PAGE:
“I’ve installed door ringers on all my doors so I know the instant someone enters my business,” she says. “My back doors are always locked. If a client leaves a purse in open view of a window or door and will not be staying with it I ask her to remove it. I make sure my last client and I leave the salon together and watch each other get into our cars safely. I want to feel safe and I want my clients to feel safe, not fearful.”
Reeves learned the hard way that it pays to be safe. About 20 years ago, a salon she owned in Savannah, Ga., was robbed. As she was waiting for her client to arrive she suddenly found herself looking down the barrel of a bright, shaky silver pistol. A man with a stocking over his head began demanding money and the salon’s hairstylist complied. The robber then made Reeves, her client, and the hairstylist lie down on the floor while he looked through the client’s purse for money then locked the three women in the bathroom and fled.
“It was extremely unnerving,” remembers Reeves. “He was never caught. For almost a year after the incident I would react with fear whenever I passed someone on the sidewalk or elsewhere who had a similar size and build as the robber.”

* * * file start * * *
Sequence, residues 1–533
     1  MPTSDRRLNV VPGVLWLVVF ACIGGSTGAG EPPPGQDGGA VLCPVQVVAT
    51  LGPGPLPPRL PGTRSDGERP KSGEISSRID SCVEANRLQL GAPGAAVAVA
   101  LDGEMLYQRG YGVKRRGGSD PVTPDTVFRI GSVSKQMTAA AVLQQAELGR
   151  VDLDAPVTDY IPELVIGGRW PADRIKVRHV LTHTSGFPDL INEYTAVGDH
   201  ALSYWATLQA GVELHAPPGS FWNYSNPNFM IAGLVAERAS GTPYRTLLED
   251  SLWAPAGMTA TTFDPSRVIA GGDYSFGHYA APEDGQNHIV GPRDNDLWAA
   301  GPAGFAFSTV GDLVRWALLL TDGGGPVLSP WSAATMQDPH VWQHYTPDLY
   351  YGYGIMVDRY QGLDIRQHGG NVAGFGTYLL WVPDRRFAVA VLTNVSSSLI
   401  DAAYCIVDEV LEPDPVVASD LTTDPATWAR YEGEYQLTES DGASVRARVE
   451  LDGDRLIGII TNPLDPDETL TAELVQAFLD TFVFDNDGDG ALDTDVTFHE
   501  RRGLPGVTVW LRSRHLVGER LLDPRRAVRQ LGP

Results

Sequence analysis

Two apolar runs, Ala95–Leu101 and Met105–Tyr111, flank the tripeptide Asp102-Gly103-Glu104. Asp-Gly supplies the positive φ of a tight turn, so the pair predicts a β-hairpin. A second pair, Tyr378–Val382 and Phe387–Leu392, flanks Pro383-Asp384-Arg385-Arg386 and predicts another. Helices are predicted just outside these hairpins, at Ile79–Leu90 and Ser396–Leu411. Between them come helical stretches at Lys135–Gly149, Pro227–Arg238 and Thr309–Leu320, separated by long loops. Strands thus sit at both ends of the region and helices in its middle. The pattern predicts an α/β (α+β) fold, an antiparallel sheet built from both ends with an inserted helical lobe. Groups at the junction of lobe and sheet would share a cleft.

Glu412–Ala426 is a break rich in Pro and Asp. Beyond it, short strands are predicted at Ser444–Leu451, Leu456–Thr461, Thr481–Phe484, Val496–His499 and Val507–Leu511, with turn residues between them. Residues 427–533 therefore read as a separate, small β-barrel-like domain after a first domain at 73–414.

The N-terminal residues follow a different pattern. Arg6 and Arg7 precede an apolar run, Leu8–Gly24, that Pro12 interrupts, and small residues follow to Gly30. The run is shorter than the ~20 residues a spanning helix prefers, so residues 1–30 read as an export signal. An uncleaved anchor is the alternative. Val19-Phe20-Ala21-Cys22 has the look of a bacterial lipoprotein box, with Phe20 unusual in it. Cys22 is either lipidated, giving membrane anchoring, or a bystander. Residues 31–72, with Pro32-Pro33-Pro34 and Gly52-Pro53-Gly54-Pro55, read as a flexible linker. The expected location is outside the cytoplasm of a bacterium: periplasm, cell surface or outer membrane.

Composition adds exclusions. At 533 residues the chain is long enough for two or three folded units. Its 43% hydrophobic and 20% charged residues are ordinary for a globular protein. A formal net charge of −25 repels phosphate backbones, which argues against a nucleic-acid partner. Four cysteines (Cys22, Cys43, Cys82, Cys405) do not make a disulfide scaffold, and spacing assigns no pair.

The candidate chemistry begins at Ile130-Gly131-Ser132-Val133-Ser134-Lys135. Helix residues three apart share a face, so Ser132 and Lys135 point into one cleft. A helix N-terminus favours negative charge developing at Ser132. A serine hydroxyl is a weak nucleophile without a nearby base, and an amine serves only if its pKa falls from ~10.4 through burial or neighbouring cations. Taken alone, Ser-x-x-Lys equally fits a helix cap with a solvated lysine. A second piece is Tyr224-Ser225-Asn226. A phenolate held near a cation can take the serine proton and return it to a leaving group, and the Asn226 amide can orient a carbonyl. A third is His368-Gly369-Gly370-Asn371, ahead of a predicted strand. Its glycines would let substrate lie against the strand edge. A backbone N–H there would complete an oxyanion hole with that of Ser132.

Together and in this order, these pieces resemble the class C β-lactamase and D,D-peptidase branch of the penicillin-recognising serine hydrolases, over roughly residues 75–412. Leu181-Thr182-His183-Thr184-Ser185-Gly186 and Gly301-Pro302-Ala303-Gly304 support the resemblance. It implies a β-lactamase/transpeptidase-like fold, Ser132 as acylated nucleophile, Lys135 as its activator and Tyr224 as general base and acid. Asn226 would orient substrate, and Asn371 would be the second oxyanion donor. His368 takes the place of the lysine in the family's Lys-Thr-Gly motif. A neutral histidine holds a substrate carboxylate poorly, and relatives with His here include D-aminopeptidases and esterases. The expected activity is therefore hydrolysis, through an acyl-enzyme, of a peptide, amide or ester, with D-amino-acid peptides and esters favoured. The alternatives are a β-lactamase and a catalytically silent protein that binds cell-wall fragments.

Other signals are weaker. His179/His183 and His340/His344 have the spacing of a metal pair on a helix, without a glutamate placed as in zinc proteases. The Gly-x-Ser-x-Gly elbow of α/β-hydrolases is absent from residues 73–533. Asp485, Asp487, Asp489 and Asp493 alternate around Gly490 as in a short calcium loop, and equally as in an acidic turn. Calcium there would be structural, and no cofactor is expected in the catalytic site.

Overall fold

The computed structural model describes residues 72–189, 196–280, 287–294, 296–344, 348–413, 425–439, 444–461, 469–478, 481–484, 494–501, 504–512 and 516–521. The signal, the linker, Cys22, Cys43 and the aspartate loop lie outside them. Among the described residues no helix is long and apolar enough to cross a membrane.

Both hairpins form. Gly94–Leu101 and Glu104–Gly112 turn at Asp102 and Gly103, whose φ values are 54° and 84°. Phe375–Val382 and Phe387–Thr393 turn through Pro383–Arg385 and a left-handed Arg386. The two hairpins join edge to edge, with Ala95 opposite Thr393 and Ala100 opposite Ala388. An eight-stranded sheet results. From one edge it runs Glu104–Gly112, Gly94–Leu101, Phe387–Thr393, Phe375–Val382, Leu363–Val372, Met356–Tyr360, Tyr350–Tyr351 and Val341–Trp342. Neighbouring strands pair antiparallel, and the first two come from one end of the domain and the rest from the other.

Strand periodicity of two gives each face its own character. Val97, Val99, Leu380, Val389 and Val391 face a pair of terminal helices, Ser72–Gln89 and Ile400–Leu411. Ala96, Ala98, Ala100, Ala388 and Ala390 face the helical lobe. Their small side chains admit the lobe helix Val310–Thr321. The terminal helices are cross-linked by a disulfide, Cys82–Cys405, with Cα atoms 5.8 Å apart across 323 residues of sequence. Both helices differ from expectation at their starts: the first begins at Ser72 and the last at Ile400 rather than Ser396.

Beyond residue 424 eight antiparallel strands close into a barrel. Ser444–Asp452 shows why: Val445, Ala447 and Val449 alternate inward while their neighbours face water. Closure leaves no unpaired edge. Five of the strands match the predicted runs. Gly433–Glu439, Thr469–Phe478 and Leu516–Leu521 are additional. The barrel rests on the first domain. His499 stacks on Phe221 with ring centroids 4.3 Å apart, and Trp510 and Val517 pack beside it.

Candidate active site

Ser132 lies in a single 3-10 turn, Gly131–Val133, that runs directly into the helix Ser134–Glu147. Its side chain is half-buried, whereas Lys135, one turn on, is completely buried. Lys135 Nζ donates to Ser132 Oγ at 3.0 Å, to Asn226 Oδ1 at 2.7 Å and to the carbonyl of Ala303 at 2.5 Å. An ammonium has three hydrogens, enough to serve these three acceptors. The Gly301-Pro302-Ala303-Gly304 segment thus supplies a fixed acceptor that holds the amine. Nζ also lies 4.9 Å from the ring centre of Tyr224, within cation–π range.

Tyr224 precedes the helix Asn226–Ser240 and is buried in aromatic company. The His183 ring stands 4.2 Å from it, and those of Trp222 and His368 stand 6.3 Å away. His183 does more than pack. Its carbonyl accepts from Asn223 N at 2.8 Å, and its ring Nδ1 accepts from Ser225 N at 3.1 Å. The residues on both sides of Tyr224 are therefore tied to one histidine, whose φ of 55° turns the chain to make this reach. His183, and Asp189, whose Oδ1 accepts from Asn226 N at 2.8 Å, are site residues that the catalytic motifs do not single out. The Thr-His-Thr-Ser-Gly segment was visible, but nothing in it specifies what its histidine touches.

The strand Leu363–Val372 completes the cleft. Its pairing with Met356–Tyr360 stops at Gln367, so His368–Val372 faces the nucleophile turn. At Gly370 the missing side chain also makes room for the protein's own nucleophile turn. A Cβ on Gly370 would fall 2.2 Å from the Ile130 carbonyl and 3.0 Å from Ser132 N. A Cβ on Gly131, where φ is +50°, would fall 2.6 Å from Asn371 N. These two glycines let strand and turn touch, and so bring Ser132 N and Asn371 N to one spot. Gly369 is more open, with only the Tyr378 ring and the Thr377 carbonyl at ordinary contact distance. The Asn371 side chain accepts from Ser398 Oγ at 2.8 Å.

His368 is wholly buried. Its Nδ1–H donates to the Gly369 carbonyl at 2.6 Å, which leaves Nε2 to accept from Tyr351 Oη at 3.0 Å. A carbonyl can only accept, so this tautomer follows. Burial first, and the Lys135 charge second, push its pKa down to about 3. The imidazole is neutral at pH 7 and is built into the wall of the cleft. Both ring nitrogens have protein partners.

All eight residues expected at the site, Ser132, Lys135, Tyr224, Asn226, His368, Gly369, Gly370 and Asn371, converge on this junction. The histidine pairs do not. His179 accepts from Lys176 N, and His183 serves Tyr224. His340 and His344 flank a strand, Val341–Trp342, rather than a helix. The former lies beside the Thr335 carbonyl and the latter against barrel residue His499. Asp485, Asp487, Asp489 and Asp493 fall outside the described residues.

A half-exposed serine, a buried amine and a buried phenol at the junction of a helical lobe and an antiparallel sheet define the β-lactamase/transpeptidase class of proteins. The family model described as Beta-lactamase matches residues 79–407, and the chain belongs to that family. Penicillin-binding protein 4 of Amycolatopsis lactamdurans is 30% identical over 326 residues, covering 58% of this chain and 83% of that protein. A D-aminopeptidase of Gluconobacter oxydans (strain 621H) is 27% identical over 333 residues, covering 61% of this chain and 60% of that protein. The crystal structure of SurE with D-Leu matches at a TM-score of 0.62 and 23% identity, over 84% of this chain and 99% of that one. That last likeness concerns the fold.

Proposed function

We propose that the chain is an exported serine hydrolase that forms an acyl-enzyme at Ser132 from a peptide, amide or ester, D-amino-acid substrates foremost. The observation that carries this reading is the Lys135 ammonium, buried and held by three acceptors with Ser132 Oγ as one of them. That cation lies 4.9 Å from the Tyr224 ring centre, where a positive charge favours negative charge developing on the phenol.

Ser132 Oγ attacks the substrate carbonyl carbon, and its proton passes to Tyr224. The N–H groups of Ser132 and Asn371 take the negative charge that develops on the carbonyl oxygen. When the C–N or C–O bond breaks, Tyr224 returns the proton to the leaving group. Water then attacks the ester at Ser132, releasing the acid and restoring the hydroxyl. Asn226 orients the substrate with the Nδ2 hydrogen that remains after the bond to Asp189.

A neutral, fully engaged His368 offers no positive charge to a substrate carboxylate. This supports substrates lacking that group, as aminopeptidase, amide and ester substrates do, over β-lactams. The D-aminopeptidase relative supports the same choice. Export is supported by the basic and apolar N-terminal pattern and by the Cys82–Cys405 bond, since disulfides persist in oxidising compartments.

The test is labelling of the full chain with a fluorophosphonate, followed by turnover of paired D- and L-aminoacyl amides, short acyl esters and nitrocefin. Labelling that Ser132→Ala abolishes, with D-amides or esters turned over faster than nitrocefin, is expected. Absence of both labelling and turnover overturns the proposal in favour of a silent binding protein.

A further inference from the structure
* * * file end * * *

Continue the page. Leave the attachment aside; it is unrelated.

The good thing is that Reeves took the proper precautions to ensure the same thing won’t ever happen again.
You can do the same thing to safeguard your salon. Start by minimizing the amount of money you keep in the salon. Take a cue from pizza delivery drivers and convenience stores and post a sign on your window and near your register stating that the salon only keeps a certain amount of money on the premises.
If you can, purchase a drop safe that can’t be opened by employees or be easily removed from your salon. If that isn’t an option, make frequent bank deposits. Vary the times you go and carry the money in different containers.
Shower Them With Attention
You already know how important outstanding customer service is, and it’s even more crucial if it means thwarting would-be thieves.
“Over-supply customers with kindness. Pay a lot of attention to them,” says Chief Jerry Garner of the Fort Lupton, Colo., police department. “If their intent is to harm you you will run them right off.”
Garner can’t stress enough the importance of always being alert. “Be alert for anything that looks out of the ordinary,” he says. “If you see someone suspicious outside you can lock your door. If you went to the trouble of locking the door they might think you also called the police. That will send them packing right there.”
Garner also suggests not filling up the salon windows with posters or paint so others can see you from the outside.
“Pay attention to what your fellow nail techs’ customers are doing,” adds Wolcott. “I realize when nail techs have their heads down and are working with customers they can’t always be aware. But try to look up once in a while and look around.”
Security systems and video surveillance can also be crime deterrents. “Cameras help, but it depends on how much money you want to spend and how worried you are about robberies. You can even install fake cameras,” says Garner.